4. Visit the author’s website at www.christina-mcdonald.com
to learn more about her. Research some of her journalism for outlets such as The Sunday Times
(Dublin), the Galway Independent
, or the Seattle Post-Intelligencer. A Conversation with Christina McDonald What inspired you to write The Night Olivia Fell? How did you visualize the cast of rich and varied characters and their emotions?
Back in 2013 I was rocking my new baby to sleep while reading the news on my phone. I came across a story about a teenager in California, Jahi McMath, who had been declared brain-dead after a routine tonsillectomy went wrong. My first thought was for the girl’s mother and how utterly heartbreaking it would be to lose your child. I think this is every mother’s biggest fear – it’s certainly mine!
After reading that story, I looked down at my new baby and imagined myself in Jahi’s mom’s position, and I started asking myself, “What if?” What if her daughter was pregnant? Would that be a comfort or a curse? What if she’d suffered her own tragedies in her past? What if she were a single parent? What if she thought her daughter had been murdered, but nobody believed her? And thus was born The Night Olivia Fell
.How does your experience as a journalist and copywriter inform your fiction writing? Do you find any connections between writing news and writing thrillers?
I started as a journalist, so obviously I’ve seen some crazy stories. I think a lot of these stories cemented in my head and they’ve given me a great launching point. But to write a novel you have to connect with your characters and the journey they go through. I learned that in copywriting. As a digital copywriter I had to guide a reader through different steps to get to the resolution I wanted them to reach, much the way an author has to when writing a book.
Being a copywriter and journalist gave me a huge appreciation for emotion, mostly because you have to take it all out when writing a piece. I like feeling things; I like the emotion I feel when I read, so this is the aspect where I feel most free when writing a book. Using sensory words that are vivid and evoke a taste or a smell—those things get lost a little in news (less so for copywriting), but I love words and how rich and varied they are.You were born in the Seattle area, where the novel takes place, and you render the area’s atmosphere so vividly throughout the novel. Can you talk about why you chose Seattle as the book’s setting?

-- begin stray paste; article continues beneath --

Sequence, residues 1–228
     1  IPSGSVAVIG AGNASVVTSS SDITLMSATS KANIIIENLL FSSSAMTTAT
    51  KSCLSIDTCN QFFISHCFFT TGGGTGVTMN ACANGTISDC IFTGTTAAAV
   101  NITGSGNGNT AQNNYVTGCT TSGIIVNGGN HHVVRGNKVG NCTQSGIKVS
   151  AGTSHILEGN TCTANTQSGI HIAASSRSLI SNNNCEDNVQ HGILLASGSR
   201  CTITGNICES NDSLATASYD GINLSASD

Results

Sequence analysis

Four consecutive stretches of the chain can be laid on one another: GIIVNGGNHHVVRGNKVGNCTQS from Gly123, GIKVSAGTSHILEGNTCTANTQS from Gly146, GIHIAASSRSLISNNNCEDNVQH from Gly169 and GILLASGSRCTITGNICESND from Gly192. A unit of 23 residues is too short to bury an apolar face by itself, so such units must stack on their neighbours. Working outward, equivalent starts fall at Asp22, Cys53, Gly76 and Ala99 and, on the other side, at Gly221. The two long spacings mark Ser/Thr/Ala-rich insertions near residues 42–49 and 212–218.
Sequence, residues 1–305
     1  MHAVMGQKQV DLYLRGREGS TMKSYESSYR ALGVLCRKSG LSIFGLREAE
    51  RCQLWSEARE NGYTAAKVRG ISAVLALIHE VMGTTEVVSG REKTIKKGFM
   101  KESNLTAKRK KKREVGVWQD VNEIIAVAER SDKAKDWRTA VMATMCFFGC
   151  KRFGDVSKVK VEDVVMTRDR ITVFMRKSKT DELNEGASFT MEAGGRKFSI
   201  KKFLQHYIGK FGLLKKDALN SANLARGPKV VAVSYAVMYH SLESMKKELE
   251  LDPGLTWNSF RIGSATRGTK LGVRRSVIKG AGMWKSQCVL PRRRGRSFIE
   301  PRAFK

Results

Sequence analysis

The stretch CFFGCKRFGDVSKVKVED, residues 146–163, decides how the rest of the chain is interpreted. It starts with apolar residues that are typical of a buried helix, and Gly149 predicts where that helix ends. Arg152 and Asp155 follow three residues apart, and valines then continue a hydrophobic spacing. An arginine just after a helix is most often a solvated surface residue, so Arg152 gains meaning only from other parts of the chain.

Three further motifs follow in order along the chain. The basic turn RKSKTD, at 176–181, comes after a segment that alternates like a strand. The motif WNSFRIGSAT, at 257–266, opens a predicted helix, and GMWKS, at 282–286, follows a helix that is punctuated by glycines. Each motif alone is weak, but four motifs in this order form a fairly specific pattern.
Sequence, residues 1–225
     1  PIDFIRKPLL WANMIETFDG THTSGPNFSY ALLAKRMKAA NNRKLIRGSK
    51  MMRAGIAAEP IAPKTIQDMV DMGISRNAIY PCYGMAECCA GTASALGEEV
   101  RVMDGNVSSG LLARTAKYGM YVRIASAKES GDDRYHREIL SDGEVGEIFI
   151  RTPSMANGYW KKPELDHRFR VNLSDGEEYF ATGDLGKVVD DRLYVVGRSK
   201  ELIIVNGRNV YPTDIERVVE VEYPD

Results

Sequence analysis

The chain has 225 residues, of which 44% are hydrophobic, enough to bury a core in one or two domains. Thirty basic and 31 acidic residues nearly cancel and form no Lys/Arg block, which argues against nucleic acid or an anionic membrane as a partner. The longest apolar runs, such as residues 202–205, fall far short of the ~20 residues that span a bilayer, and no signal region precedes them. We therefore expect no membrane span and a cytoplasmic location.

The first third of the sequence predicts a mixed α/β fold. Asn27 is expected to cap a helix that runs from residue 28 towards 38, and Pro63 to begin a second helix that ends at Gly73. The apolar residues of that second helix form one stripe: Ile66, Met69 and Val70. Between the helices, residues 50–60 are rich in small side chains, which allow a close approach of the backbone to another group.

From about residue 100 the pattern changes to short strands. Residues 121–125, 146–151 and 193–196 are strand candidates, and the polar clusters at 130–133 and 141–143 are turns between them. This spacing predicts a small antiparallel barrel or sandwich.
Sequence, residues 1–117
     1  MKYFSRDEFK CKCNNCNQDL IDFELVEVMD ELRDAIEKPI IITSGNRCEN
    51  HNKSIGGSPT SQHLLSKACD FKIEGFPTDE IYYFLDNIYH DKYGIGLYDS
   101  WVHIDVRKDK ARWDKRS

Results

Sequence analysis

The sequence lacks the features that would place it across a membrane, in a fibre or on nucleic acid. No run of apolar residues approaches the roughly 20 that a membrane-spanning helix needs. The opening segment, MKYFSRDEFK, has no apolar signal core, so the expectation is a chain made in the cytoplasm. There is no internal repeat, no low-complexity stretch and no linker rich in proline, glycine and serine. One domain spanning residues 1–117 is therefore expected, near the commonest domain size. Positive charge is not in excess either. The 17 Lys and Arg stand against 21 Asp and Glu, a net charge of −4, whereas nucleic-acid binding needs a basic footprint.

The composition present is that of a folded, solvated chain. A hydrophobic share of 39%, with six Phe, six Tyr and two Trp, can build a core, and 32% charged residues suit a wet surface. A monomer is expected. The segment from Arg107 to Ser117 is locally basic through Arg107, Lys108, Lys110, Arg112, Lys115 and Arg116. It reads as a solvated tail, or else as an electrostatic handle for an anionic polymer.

I chose Seattle and the Puget Sound area literally because I was born there and have such a great history of experiences there. It was an easy place to use as a setting because it is so beautiful and varied. And I figure if you know it, write it. So I did!Besides Seattle, you’ve also lived in Ireland and London. Can you talk a bit about how each place informed your worldview, and subsequently, your writing?
I think each place I’ve lived has given me a rich perspective in seeing how people live, gathering more details about location, and meeting a variety of wonderful people. I’ve seen so many different people living different lives and having different experiences than what I would’ve done just by living in one place.
It’s (I hope!) also made me far more open-minded, so I can now see that the way one person does things, or the way one country does things, may be different from another, but they’re simply doing what’s right for them in their particular set of circumstances. This ability to see both sides of the same coin has helped me create better characters, I think, who are more like real people: a mix of good and bad, right and wrong.On your website, you say that choosing to go to graduate school in Ireland “wasn’t part of the master plan,” but the result of a spontaneous trip. Can you tell that story a bit more in detail? Did you have another plan in mind?